You will also need to to take the Medical College Admissions Test, a standardized test which measures critical thinking, problem solving, and scientific knowledge. The AAMC offers the MCAT throughout the year at various locations. It is a good idea to take the MCAT well in advance of your medical school application, so that your scores will be reported at the time of your application. In addition, taking the test early will give you the opportunity to take it again if you do not score well the first time.
Medical School Application Overview
The majority of medical schools in the United States participate in the AAMC’s centralized online application service called the American College Medical application Service, or AMCAS. The purpose of AMCAS is to collect your application information, verify it, and deliver it to the schools you are applying to. AMCAS does not make any admissions choices and does not influence schools’ decisions one way or another. The AMCAS application contains nine sections which must be completed by applicants wishing to gain medical school acceptance.
The AMCAS program typically opens the first week of May for those applying to enter medical school the following fall. During this time, you will be able to begin inputting your information into the AMCAS system but you will not be able to submit your application until the beginning of June. However, it is a good idea to begin working on your application early. You should begin working on requesting your letters of recommendation in February. You should also begin thinking about your personal statement in February and begin writing it no later than March. During the month of April, you should begin writing and revising your curriculum vitae. If you follow this timeline, you will have plenty of time to prepare your application and present yourself in the best way possible.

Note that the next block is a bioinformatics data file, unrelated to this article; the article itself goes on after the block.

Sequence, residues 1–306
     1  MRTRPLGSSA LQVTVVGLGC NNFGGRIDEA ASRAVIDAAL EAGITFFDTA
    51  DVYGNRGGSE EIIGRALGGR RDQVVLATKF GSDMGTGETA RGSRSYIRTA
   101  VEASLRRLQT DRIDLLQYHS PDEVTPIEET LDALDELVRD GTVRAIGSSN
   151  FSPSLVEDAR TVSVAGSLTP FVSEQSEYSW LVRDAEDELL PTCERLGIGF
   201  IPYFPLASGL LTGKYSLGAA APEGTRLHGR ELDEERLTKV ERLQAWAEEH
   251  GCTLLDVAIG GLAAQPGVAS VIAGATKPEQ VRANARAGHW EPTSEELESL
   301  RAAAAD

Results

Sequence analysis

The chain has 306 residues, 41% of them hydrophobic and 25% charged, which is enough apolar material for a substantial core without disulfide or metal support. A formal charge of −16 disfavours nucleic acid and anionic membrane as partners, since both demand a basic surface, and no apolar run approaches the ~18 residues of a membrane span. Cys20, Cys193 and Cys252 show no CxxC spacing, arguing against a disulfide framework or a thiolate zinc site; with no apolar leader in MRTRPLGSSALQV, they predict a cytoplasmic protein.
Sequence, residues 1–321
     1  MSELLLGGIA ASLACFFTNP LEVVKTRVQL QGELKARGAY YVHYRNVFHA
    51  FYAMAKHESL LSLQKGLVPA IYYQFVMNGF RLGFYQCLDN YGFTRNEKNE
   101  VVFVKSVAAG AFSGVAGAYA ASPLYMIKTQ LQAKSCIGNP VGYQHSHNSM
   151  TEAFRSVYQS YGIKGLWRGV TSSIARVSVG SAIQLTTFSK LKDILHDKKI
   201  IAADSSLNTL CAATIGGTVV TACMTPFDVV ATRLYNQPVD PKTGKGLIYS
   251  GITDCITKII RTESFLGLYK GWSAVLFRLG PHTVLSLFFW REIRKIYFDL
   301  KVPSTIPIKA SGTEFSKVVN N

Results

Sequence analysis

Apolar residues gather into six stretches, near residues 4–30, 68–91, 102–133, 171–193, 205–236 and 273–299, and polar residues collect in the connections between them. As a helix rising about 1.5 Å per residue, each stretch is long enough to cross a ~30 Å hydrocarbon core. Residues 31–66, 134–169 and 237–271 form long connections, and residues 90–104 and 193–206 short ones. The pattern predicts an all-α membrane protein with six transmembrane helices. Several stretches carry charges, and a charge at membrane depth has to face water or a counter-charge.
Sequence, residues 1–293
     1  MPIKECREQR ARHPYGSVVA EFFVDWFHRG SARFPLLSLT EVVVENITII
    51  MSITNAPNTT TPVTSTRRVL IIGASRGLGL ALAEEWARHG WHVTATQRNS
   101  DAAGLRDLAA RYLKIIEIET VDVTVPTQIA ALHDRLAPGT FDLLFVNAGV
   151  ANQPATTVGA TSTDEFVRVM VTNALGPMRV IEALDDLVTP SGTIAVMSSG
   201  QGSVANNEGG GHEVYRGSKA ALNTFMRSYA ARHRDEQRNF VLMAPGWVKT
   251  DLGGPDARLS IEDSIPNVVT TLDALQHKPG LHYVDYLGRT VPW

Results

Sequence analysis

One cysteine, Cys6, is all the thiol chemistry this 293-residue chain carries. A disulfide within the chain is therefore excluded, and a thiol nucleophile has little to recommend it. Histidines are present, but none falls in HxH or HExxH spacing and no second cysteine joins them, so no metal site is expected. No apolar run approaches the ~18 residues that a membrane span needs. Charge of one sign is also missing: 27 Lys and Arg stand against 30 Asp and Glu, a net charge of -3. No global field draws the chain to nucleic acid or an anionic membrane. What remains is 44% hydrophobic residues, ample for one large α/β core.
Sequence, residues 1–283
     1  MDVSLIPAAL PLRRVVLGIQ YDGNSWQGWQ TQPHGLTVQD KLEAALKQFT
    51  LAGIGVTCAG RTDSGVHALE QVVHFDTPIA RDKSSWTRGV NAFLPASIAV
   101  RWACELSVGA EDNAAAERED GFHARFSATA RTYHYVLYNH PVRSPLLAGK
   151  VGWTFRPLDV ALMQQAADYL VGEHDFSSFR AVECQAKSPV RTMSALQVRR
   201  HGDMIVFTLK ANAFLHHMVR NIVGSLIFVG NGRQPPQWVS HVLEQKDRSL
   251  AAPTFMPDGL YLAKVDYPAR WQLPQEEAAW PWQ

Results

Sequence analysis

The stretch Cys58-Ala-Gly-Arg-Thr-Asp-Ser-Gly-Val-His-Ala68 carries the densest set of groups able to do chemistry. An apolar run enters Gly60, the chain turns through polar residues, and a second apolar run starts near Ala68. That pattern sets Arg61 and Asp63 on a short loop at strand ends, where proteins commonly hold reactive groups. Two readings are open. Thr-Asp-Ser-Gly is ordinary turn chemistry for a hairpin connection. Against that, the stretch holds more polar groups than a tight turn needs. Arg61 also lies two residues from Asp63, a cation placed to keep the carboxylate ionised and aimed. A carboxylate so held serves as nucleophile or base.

AMCAS charges a fee for their service which includes transmission of your information to one school. You will be able to add more schools for an additional charge. Last year, the basic fee was $160 and additional schools were $38 each. Therefore, although it may be tempting to apply to every single medical school, this is not a cost-effective strategy. Instead, be sure to research medical schools carefully. You should only apply to schools that you would like to attend, and that you have a reasonable chance of being admitted to. It is ok to add a few so-called reach schools to your list. That is, schools where you may be somewhat under-qualified, but where you would love to attend. Also, you need to add a few “safety” schools. These are places where you are fairly confident that you will be granted an interview.